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   Attercliffe posted on Health & Diet  Please forgive haste, never enough time in the day. . . .

Just got back from picking up prescriptions at Walgreen's and noticed they had N95 masks and nitrile gloves on sale. The pharm asst said their branch had them on sale but didn't know about others. She raised her eyebrows and said, "Ebola?" I said, "Yeah--you?" "Got mine on Wednesday," she smiled.

Good advice on supplies, especially toilet paper. A Bosnian survivor said the most wanted item during the war was that product. Walmart sels large cases of them online. Oh, before I forget. Do NOT let ANYbody know you are stashing supplies. Many of you are used to be saying this over at the main forum: when rationing began in WWII, anyone found with a stash--"hoarding"--found their goods confiscated and they were fined. Those who weren't prudent enough to stash were jealous of those who did. And that included relatives. Time like that, you can't trust anyone.

Stash food: Mountain House is the best, according to all kinds of polls and reviews. Have about a 30- or 35-year shelf life if kept at room temp. Used to use, best prices, super selection. But they got a marketing department recently . . . . Now that they're sending out tempting ads with luscious descriptions on the food, prices have increased. So I wait until has a real sale on #10 cans, when the prices go below those of BP. Karst still has free shipping on orders over $30 so that saves up to $12.95 over ordering from BP. Karst also sells the Mountain House 2-people, 3-days bucket of foil package foods, see

Handy to have around, but of course not as economical as #10 cans. If you or a friend has access to Sam's or Costco, then pick up those six packs of chicken or tuna or whatever. You can order similar items online at Walmart too. I just ordered light tuna and Valley Fresh organic chicken. Walmart will ship groceries for free, I think the line is $40 or something like that.

Stash batteries and chargers! You can get solar chargers these days. Less risk of fire, specially if you have cats or small children.

Ack, gotta go. Will come back later.
October 12 at 17:46 EST .

   3 people like this.

   Wrightwinger  I would suggest canning chicken yourself. Much cheaper than the little cans...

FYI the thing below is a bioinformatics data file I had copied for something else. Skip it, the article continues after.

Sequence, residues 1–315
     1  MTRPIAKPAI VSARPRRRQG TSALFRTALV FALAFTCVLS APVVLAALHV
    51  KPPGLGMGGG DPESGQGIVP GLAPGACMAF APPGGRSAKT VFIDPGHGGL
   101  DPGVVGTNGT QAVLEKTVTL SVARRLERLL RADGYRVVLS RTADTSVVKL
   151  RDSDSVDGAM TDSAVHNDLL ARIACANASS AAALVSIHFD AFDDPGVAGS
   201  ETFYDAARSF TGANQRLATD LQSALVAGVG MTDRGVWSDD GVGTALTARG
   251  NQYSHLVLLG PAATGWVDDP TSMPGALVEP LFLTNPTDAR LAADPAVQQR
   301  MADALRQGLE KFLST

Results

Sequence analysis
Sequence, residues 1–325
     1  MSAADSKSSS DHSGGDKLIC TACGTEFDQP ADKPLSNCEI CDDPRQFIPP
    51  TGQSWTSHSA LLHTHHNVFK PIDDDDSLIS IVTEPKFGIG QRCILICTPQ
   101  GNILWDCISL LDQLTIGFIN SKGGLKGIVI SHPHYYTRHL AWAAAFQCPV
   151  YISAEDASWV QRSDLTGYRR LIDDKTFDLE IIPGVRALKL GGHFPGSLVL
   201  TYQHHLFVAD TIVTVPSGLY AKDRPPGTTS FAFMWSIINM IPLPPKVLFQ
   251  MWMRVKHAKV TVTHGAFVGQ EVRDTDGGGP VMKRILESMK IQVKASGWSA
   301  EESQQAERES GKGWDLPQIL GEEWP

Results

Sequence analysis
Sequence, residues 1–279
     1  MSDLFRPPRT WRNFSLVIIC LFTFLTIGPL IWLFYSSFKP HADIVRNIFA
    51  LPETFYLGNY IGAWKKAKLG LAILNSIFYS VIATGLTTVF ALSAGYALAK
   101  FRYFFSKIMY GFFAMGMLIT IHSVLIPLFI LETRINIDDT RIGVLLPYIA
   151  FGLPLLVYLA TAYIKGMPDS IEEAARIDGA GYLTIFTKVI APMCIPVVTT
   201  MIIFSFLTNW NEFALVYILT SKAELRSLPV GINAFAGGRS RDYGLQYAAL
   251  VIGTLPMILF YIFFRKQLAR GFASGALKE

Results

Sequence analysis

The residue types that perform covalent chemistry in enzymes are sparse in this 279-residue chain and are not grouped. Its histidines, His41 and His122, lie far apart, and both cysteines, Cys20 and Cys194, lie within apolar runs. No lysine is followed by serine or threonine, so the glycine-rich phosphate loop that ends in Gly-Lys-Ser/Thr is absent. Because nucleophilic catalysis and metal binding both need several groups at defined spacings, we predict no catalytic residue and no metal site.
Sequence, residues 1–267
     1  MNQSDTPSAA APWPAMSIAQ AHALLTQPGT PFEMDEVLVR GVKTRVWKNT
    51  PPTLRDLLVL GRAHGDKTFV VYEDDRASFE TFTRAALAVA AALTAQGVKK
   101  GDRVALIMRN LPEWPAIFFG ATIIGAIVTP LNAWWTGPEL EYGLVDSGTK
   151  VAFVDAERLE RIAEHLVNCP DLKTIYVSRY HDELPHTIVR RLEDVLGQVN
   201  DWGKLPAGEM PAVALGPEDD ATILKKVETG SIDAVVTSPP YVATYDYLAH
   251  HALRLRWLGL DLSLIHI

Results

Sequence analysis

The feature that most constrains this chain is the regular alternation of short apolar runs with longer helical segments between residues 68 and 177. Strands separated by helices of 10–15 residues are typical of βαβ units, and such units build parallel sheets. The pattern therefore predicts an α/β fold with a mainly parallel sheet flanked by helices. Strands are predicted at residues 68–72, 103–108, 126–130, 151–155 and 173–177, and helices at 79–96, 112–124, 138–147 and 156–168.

October 13 at 17:56 EST .

  5 people like this.

   Balogreene  I also can (not pressure yet ), and watch what we use. We live 3 in a small townhouse, but do keep some stocks. It's good to have things around.
Know what you use in a year. Buy those things on sale, yes, you will have a stock, but you will also save money. Can (jar ) if you can, keep what you can around. For us, September/October is bad. Personal Property tax, Insurance, and normal car maintenance all due in two-weeks. Those two-weeks we break into the pantry and the freezer. Then, we restock. We may not ear well, but we have lots of food stored up. I'm trying to keep it more balanced.
October 13 at 18:15 EST .

  5 people like this.

   Attercliffe  Canning is an excellent idea, Wrightwinger; unfortunately, I can't stand for long periods of time and am a little unbalanced (mentally and physically, lol ). Working around a vat of boiling water is not a good idea for me. But I did think about using my dehydrater and vacuum packing the results. Has anyone had good results with that method? How long would the dried version last? I'm looking at a one- to two-year plan for items that may be hard to come by.

Balogreene, I've noticed that emergency food, like Mountain House, is often high in calories (starch ). It's one reason I stopped by Home Depot yesterday and picked up lettuce and kale plants. The kale I bought last season still has a few surviving plants in the Earth Box. (If you use planters, be sure and hide them from neighbors--Mine are on wheeled stands and I can wheel them into the garage at night.

While I didn't actually recycle tin foil milk bottle covers until after the war, I did do it. All of our metal had gone into tanks and planes and that sort of thing. And our factories had gone to smithereens, thanks to the bombings. Most of what I know about surviving WWII came from my parents; to me it was normal life, I didn't know anything else. Out of food? We put cubes of bread in a bowl and poured hot tea over. Ack? We called it "pobs." No milk? We had to drink our tea without it and it was called "soldier's tea." You didn't complain, knowing the troops were even more deprived than we were.